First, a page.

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Accepted Paper:

Encountering as boundary object for urban mental health research  
Patrick Bieler (Technical University of Munich)

Paper short abstract:

Based on a generative problematization of psychiatric research and two ethnographic case studies on everyday life in Berlin (Germany), I focus on fleeting, ecological encounters and discuss methodological implications for inter- and transdisciplinary urban mental health research.

Paper long abstract:

Postgenomic shifts within epidemiological psychiatry constitute overlaps of interests between psychiatric and ethnographic research (Fitzgerald et al. 2016). This has motivated social scientists to develop ecological perspectives to grasp the relations of urban life and mental health (Bister et al. 2016; Kirmayer 2019; Manning et al. 2022). Such an ontologically grounded analytical perspective enables collaborative empirical research between the social sciences and psychiatry, because it is developed from and simultaneously goes beyond merely deconstructing psychiatry (Bieler/Niewöhner 2018; Winz/Söderström 2021).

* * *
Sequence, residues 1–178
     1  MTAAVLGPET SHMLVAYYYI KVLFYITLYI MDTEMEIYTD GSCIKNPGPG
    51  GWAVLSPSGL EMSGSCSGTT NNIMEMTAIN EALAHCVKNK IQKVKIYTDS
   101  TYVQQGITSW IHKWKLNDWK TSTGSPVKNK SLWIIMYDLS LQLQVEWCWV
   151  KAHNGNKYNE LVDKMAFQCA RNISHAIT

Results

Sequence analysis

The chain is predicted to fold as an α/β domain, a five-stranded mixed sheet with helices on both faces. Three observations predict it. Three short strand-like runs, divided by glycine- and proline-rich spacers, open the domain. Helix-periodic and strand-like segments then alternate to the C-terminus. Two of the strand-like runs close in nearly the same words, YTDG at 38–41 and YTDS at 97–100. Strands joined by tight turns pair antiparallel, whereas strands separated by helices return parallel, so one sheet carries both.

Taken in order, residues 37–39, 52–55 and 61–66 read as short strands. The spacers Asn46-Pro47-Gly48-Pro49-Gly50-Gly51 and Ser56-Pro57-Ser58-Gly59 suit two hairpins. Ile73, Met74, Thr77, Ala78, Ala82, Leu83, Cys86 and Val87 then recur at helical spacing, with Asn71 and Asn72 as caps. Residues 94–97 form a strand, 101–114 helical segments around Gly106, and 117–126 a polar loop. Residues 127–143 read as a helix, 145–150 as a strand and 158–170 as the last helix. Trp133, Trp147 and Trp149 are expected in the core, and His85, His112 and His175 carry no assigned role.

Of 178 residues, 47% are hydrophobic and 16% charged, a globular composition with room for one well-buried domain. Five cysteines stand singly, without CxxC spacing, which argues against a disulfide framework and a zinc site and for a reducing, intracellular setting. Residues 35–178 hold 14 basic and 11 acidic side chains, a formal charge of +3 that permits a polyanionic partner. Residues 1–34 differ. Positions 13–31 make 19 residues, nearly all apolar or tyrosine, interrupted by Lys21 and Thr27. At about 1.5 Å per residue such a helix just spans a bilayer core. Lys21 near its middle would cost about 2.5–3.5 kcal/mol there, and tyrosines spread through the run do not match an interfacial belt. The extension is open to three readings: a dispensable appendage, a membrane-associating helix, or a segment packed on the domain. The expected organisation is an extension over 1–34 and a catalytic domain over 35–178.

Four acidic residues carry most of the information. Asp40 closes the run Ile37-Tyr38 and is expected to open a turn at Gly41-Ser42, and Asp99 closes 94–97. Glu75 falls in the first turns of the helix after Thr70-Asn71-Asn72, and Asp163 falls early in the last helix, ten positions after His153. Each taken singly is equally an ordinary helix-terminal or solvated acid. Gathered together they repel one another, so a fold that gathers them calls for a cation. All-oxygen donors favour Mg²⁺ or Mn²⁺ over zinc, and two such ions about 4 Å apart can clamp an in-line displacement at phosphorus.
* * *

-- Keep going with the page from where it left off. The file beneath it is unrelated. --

Psychiatric research has established a causal link between urban living and severe mental health problems (Vassos et al. 2012). Current studies focus the ecological concentration of mental health risks in neighborhoods explaining how differences within a city emerge due to social injustices and how they are mediated by social processes, particularly social capital and social isolation (Manning 2019; Rose 2019).

Based on a generative problematization of these findings and two ethnographic case studies on everyday life in a district of Berlin (Germany), I will broaden the focus of current urban mental health research: Rather than focusing on strong social ties measured via personal networks of individuals, I will take into account fleeting, more-than-human encounters and how they constitute neighborhood atmospheres. I propose the processual notion of encountering as a boundary object to assemble heterogeneous actors – psychiatric and ethnographic researchers, political stakeholders, urban planners, mental health care clients and others (Griesemer/Star 1989; Rose/Fitzgerald 2022) – and I discuss which necessary methodological developments arise from this.

Panel P108
Biosocial approaches to health and environment
  Session 2